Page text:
2022 Challenge in the Tropics

Day 1 Blog—28 April 2022

Day 5 Blog - 25 March 2023

Swansea to Hobart

Written by: Mark "Sharky" Smoothy

Daily Stats

Distance: 144 kms
Average Speed: 22 kph
Climbing: 1706 metres
Moving Time: 6:35
Temperature: 10 min / 23 max

The final days charge into Hobart saw the two pelotons clock up their allotted 700 kilometres of riding and 8000 metres of climbing over 5 days. It has been an epic week that has seen both rider groups bond with their fellow team mates and help each other accomplish that shared goal.

As always none of this would have been possible without our amazing road crew, who work quietly in the background making things seemingly happen at ease. I'm sure the reality is quite different but from the riders prospective they are just always calm, collective, always smiling and happy and no request is ever too much, that is unless you ask Garath to do something. ?

There are so many stories that happen in each of the pelotons and it's impossible for me to convey them from both peloton perspectives. So I thought I might just finish this blog with a few observations of life on the road for any Smiddy peloton.

Things I think we will all miss

  • Rolling into a break where the road crew has either put on a mouthwatering morning tea or those delicious wraps for lunch.
  • The infectious enthusiasm and smiles of the road crew no matter if at 6 in the morning or 10 at night.
  • That beautiful sweet road noise that a peloton makes, the hum of the tyres on tarmac, the clicking of changed gears and the constant chatter as you rotate throughout the rider group.
  • The comaraderie and friendships made during these endurance events, which always bring out the best in people.
  • The positive energy that everyone produces when they do a Smiddy event.
  • I'll even miss all the riders and crew that pay out on me, not realizing I'm deaf and can't hear a word they are saying. I just laugh along anyhow...
  • Having to go home and do my own washing and cook our own food. Road crew you spoil us.
  • The sound of the cow bell as it sends us on our way, and wakes up everyone still asleep not involved with the event.
  • Thawing out in the sun at our first morning tea stops.
  • The belly laughs at the nightly functions
  • The absolutely stunning scenery that Tasmania puts on.


Things I think we all won't miss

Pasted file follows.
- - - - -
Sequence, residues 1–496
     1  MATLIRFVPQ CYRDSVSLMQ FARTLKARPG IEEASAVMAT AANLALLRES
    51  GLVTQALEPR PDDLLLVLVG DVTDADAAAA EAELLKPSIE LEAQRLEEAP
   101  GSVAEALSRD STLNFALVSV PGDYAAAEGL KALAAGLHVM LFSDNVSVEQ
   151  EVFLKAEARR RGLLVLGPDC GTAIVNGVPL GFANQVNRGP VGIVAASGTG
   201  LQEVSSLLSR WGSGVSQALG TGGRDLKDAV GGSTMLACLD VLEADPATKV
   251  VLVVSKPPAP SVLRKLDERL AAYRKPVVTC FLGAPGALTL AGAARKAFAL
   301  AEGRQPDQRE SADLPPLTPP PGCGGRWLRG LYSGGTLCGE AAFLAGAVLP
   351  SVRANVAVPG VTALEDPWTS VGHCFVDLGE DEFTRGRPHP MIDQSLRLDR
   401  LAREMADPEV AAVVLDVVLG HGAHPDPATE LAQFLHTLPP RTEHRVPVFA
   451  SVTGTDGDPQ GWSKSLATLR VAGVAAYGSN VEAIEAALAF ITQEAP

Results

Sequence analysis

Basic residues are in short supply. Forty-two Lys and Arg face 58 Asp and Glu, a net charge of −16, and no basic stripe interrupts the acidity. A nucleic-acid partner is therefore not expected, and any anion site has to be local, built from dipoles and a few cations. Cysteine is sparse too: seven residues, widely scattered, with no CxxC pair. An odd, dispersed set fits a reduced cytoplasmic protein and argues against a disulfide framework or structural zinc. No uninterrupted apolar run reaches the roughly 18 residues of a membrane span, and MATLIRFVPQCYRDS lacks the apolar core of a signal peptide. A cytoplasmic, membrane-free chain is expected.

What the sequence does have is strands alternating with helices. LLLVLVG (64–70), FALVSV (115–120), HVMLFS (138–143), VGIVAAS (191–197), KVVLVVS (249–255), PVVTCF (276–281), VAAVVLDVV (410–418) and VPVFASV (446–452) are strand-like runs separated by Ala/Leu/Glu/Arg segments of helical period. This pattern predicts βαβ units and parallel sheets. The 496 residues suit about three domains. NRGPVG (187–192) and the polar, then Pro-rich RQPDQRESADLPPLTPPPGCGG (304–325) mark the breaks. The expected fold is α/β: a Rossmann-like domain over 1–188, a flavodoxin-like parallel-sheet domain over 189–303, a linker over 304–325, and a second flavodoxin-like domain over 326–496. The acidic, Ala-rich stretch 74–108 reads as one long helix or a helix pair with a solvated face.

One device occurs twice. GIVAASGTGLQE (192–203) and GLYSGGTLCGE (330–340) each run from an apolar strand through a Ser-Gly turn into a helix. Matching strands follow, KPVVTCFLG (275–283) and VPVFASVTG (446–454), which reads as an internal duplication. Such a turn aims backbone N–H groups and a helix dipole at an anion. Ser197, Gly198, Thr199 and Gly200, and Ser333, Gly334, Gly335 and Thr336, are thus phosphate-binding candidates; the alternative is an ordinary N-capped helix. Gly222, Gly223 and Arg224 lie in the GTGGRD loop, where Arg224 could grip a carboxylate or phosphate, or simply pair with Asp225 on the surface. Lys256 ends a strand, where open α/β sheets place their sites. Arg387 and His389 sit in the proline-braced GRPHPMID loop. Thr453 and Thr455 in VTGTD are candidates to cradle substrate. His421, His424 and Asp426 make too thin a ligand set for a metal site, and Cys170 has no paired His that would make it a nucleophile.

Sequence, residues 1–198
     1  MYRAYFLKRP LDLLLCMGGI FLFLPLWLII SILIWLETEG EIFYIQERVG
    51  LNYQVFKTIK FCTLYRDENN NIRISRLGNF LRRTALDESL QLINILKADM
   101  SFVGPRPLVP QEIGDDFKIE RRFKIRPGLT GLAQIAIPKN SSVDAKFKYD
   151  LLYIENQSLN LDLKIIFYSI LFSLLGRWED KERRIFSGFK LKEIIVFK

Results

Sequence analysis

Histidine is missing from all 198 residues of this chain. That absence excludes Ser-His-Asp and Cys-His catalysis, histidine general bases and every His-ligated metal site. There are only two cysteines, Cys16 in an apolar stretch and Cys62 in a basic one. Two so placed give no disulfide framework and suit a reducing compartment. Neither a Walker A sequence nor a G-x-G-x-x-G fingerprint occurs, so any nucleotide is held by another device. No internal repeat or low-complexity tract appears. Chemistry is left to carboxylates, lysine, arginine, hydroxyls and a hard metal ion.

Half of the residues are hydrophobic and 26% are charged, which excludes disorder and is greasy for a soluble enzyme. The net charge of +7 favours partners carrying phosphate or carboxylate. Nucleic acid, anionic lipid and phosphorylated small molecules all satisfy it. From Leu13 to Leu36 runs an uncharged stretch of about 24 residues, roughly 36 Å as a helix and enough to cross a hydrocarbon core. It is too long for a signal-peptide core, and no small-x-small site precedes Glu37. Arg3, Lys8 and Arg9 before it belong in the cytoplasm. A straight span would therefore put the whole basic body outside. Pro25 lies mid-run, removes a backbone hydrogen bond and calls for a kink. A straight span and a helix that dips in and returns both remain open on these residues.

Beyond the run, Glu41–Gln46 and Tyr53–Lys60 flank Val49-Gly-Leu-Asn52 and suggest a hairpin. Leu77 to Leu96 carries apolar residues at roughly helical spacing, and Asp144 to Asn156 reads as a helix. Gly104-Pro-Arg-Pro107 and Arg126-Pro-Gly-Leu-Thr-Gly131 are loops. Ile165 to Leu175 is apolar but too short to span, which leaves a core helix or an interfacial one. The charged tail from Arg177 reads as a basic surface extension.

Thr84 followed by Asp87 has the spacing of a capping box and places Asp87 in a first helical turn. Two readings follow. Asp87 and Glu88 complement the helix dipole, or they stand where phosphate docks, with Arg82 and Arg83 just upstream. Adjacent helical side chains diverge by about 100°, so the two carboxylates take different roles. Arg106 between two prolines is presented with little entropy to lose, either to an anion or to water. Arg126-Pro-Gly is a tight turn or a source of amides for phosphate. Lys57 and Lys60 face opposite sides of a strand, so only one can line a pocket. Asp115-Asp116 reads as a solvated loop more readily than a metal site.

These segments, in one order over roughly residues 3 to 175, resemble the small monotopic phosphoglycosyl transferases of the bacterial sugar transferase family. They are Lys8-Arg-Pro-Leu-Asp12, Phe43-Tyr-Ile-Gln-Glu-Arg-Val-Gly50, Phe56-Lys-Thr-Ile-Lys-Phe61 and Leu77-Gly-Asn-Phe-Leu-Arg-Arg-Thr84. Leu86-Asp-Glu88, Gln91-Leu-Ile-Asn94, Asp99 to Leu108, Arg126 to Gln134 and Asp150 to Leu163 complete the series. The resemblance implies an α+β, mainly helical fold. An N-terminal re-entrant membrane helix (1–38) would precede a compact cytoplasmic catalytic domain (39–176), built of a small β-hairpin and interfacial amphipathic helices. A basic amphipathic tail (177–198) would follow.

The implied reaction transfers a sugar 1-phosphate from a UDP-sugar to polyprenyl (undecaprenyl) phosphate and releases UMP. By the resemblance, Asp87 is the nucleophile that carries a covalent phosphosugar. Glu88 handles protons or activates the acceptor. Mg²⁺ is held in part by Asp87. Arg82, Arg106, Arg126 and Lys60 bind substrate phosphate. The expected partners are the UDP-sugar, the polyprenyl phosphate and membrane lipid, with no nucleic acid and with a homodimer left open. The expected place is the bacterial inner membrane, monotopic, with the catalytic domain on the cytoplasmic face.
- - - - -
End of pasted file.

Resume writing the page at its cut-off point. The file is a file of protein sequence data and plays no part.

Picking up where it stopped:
• Bollards on the bike path
  • That first time you sit on the saddle in the morning
  • That alarm clock going off
  • Those constant aches and pains that endurance cycling brings on, no matter young or old, although mostly old, as I'm finding out.
  • Close misses by impatient drivers trying to overtake the peloton when they shouldn't pass
  • Seeing our ride mates getting sick or injured and having to sit out a session, or in Bardo's case the entire ride due to his unfortunate fall.
  • Going home and having the Smiddy blues. Serious unhappiness at being separated from our constant companions for a week. (Best way to fix this is to sign up for Adelaide Challenge next year!)


Positive Energy

Time to wrap this out. Prior to this blog all the thank you's to all you special people would have been done. So let me finish with saying this: what you do by participating, volunteering and being staff in this and any Smiddy event, not only is a benefit to those people going through their cancer journey, but it's good for your soul as well. Feel very proud of what you have achieved and allow yourself to soak up some of that feel good energy then pass it onto your family, friends and co workers.


David Smiddy

But most importantly to me is that the energy you produce helps a man by the name of David Smiddy. Losing his Son Adam in 2006, then his Wife Maria in 2015 to cancer is the cruelest act that no one should ever have to go through. But just by being here and doing what you do infuses David full of enough positive energy to get him through to the next Smiddy event.

That is worth more to me than all the money in the world. You give that man hope for a future that his grandchildren Jakob and Harper will grow up in a cancer free world.